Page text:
Perceived discrimination and medication adherence in black hypertensive patients: The role of stress and depression

Jessica Forsyth, Antoinette Schoenthaler, William F. Chaplin, Gbenga Ogedegbe, Joseph Ravenell

Research output: Contribution to journalArticle

Abstract

OBJECTIVE: To examine the relationship between perceived discrimination and medication adherence among black people with hypertension and the role of stress and depressive symptoms in this relationship. Perceived racial discrimination has been associated with poor health outcomes in blacks; its relationship to medication adherence among hypertensive patients remains untested. METHODS: We measured perceived racial discrimination at baseline, stress and depressive symptoms at 6 months, and medication adherence at 12 months among patients enrolled in a 30-site cluster-randomized controlled trial testing a patient and physician-targeted intervention to improve blood pressure. A mediational method with bootstrapping (stratified by site) confidence intervals was used to estimate the indirect association between perceived discrimination and medication adherence through stress and depression. RESULTS: Of 1056 patients from 30 sites enrolled in the trial, 463 had complete data on all four measures at 6 and 12 months and were included in the analyses. Adjusting for clustering, perceived discrimination was associated with poor medication adherence (B = 0.138, p = .011) at 12 months, and with stress (B = 2.24, p = .001) and depression (B = 1.47, p = .001) at 6 months. When stress and depression were included in the model, there was a 65% reduction in the total association of perceived discrimination with medication adherence, and the relationship was no longer significant (B = 0.049, p = .35). CONCLUSIONS: Perceived discrimination is associated with poor medication adherence among hypertensive blacks, and stress and depressive symptoms may account for this relationship. TRIAL REGISTRATION: clinicaltrials.gov Identifier: NCT00233220.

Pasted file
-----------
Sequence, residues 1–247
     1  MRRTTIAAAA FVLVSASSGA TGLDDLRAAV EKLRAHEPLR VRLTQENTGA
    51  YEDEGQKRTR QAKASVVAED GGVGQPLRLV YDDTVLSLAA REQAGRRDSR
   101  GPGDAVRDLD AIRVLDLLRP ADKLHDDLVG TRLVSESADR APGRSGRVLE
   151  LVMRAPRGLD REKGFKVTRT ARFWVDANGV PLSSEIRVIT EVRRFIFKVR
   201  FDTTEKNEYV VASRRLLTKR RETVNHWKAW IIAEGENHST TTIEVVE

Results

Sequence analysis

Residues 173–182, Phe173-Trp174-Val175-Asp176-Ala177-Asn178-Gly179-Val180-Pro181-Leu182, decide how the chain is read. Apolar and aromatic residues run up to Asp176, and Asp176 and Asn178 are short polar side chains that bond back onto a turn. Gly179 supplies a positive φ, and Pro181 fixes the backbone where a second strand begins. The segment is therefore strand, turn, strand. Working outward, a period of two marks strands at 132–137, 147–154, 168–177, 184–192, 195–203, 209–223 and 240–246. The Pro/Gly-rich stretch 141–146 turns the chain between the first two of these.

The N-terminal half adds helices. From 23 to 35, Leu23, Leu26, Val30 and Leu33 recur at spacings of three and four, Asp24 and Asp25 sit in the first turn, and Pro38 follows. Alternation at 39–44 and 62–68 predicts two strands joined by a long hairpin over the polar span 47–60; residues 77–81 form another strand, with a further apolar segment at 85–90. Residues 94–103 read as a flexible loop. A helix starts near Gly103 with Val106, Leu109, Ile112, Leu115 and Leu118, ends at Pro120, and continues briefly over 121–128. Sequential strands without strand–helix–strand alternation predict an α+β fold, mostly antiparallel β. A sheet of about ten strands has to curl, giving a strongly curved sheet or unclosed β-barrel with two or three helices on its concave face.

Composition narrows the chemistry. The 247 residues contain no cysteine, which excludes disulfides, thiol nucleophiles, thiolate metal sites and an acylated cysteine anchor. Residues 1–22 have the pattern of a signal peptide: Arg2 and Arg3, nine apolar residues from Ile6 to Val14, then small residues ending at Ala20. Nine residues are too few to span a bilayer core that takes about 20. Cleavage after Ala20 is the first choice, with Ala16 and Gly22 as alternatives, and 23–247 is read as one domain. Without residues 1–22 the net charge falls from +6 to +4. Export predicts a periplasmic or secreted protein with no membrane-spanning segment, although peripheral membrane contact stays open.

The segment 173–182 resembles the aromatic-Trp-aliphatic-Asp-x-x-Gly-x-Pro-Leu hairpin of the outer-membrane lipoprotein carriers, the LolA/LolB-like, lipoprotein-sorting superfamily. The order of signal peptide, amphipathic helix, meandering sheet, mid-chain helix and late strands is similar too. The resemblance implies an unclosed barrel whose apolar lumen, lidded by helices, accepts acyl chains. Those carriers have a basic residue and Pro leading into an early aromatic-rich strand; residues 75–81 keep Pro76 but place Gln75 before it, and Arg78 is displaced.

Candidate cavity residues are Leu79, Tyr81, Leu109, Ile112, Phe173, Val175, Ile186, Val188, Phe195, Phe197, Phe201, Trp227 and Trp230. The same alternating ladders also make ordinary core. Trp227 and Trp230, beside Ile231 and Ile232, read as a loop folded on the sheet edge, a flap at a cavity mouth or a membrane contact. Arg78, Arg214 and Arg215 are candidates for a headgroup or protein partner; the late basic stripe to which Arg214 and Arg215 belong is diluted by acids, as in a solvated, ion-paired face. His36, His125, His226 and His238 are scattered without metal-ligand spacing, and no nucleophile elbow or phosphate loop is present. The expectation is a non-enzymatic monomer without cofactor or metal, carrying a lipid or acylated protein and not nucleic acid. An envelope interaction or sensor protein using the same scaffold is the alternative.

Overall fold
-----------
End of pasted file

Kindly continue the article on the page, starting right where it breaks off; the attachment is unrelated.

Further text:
Original languageEnglish (US)
Pages (from-to)229-236
Number of pages8
JournalPsychosomatic Medicine
Volume76
Issue number3
DOIs
StatePublished - 2014

Fingerprint

Medication Adherence
Depression
Racism
Adherence
Perceived Discrimination
Medication
Cluster Analysis
Randomized Controlled Trials
Confidence Intervals
Blood Pressure
Hypertension
Physicians
Health
Depressive Symptoms

Keywords

  • Adherence
  • Blacks
  • Depression
  • Hypertension
  • Perceived discrimination
  • Stress

ASJC Scopus subject areas

  • Psychiatry and Mental health
  • Applied Psychology
  • Arts and Humanities (miscellaneous)
  • Developmental and Educational Psychology
  • Medicine(all)

Cite this

Perceived discrimination and medication adherence in black hypertensive patients : The role of stress and depression. / Forsyth, Jessica; Schoenthaler, Antoinette; Chaplin, William F.; Ogedegbe, Gbenga; Ravenell, Joseph.

In: Psychosomatic Medicine, Vol. 76, No. 3, 2014, p. 229-236.

Research output: Contribution to journalArticle

Forsyth, Jessica ; Schoenthaler, Antoinette ; Chaplin, William F. ; Ogedegbe, Gbenga ; Ravenell, Joseph. / Perceived discrimination and medication adherence in black hypertensive patients : The role of stress and depression. In: Psychosomatic Medicine. 2014 ; Vol. 76, No. 3. pp. 229-236.
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